Do you remember that the covid would establish the China as the dominant power in the world? Until mid-2021, my inbox was filled with assertions that China’s apparent success in containing the coronavirus proved the superiority of the Chinese system over Western societies that, as one commentator put it, “have not been able to organize rapidly all citizens around a single objective”.
Right now, however, China struggles, even as other nations more or less return to normal life. China still pursues its zero covid policy, imposing draconian restrictions on day-to-day activities every time new cases emerge. This is creating immense personal pain and contracting the economy; cities under lockdown generate nearly 60% of Chinese GDP.
In early November, many workers reportedly walked out of Foxconn’s giant factory that makes iPhones, fearing not only being locked out but the possibility of starvation. And in recent days, many Chinese in cities across the country have faced harsh repression to demonstrate against government policies.
I’m no China expert and have no idea where this is going. And as far as I can tell, neither do real China experts. But I think it’s worth asking what lessons we can glean from China’s journey from supposedly ideal model to failure.
Crucially, the lesson is not that we shouldn’t pursue public health measures in the face of a pandemic. Sometimes such measures are necessary. But governments must be able to change policy in the face of changing circumstances and new evidence🇧🇷
And what we’re seeing in China is a problem peculiar to autocratic governments, which cannot admit mistakes and won’t accept evidence they don’t like.
In the first year of the pandemic, strong, even draconian, restrictions made sense. It was never realistic to imagine that mandatory mask wearing and even lockdowns were able to prevent the spread of the coronavirus. What the measures achieved was to slow the pace of spread.
At the beginning, the objective United States and in many other countries it was to “flatten the curve”, avoiding a spike in cases that would overwhelm their health systems. So, once it became clear that effective vaccines would become available, the goal was — or should have been — to prevent infections until widespread vaccination of the population could protect them.
We’ve seen this strategy in action in places like New Zealand and Taiwan, which initially imposed strict rules, which kept the case and death rates at very low levels, and then, once their populations were widely vaccinated, relaxed these measures. Even with vaccines, the opening caused a large increase in the number of cases and deaths – but not nearly as serious as it would have occurred if these countries had previously relaxed the rules; so that its overall death rate per capita was much lower than in the US.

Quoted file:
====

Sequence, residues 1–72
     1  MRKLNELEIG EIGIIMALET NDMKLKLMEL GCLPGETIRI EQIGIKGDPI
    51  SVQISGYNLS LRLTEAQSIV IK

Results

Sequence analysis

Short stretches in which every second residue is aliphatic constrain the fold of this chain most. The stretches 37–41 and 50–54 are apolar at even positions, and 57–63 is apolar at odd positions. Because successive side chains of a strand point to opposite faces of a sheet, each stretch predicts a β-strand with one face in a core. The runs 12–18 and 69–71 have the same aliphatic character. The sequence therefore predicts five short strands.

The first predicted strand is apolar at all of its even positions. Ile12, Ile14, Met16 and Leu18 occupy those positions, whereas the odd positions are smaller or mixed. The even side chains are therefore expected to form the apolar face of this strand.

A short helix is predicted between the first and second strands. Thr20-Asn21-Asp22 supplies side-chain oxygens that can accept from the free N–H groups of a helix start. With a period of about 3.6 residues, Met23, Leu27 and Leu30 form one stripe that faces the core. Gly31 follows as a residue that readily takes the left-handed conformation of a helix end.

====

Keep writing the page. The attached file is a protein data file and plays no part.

Chinese leaders, however, seem to have believed that lockdowns would permanently stop the coronavirus and have acted as if they still believed it, even in the face of overwhelming evidence to the contrary.
At the same time, China has absolutely failed to develop a plan b. Many older Chinese — the most vulnerable group — are still not fully vaccinated. China has also refused to use foreign-made vaccines, even though the vaccines it produces, which do not use mRNA technology, are less effective than those given in the rest of the world.
All this leaves the Xi Jinping into a trap of his own making. The zero covid policy is obviously unsustainable, but ending it would mean tacitly admitting error, which is never easy for autocrats. And relaxing the rules would result in a huge increase in the numbers of cases and deaths.
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In addition to many of the most vulnerable Chinese not having been vaccinated or having been inoculated with inferior immunizers, because the coronavirus has been suppressed, few Chinese have developed natural immunity, and China has very few intensive care beds, which nullifies its ability to cope with a spike in infections.
It is a nightmare that no one knows how it will end. But what can the rest of the world learn from China?
First, that autocracy is really not superior to democracy. Autocrats are capable of acting quickly and decisively, but they are also capable of making big mistakes, because no one can tell them they are wrong. At a fundamental level, there is a clear similarity between Xi’s refusal to back away from the Covid-zero policy and Vladimir Putin’s debacle in Ukraine.
Second, we are seeing that it is important for leaders to be open to evidence and willing to change course when they are shown to be wrong.
Ironically, in the US, the politicians whose dogmatism most resembles that of Chinese leaders are right-wing Republicans. China rejected foreign mRNA vaccines despite clear evidence of their superiority; many Republican leaders have generally rejected vaccines, even in the face of high death rates associated with low vaccination rates in their constituencies. This contrasts with the attitude of the Democrats, who have generally gone along the lines of the New Zealand approach, albeit much less effectively – restrictions at first, relaxed as vaccination spread.
In short, what we can learn from China is more than the failure of specific policies: it is that we must be wary of would-be autocrats who insist, regardless of the evidence, that they are always right. / TRANSLATION BY GUILHERME RUSSO